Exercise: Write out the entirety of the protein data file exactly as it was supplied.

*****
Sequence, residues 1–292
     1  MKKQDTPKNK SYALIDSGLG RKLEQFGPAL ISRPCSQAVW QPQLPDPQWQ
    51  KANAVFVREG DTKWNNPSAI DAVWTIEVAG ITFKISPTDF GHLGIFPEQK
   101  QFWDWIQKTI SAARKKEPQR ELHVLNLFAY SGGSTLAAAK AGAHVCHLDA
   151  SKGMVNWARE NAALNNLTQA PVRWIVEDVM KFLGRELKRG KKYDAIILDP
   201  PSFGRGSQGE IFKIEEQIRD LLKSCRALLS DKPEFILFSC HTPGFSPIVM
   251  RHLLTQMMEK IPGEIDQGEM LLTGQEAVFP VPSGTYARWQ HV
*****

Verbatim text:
Sequence, residues 1–292
     1  MKKQDTPKNK SYALIDSGLG RKLEQFGPAL ISRPCSQAVW QPQLPDPQWQ
    51  KANAVFVREG DTKWNNPSAI DAVWTIEVAG ITFKISPTDF GHLGIFPEQK
   101  QFWDWIQKTI SAARKKEPQR ELHVLNLFAY SGGSTLAAAK AGAHVCHLDA
   151  SKGMVNWARE NAALNNLTQA PVRWIVEDVM KFLGRELKRG KKYDAIILDP
   201  PSFGRGSQGE IFKIEEQIRD LLKSCRALLS DKPEFILFSC HTPGFSPIVM
   251  RHLLTQMMEK IPGEIDQGEM LLTGQEAVFP VPSGTYARWQ HV